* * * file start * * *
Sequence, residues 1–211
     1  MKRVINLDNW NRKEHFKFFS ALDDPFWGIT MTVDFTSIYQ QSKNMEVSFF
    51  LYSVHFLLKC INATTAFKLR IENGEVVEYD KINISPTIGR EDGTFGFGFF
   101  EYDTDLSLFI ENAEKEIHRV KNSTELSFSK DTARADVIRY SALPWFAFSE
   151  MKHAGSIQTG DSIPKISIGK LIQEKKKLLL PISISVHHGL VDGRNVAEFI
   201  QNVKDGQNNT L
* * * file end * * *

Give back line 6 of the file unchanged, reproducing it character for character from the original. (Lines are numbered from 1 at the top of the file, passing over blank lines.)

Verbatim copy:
   201  QNVKDGQNNT L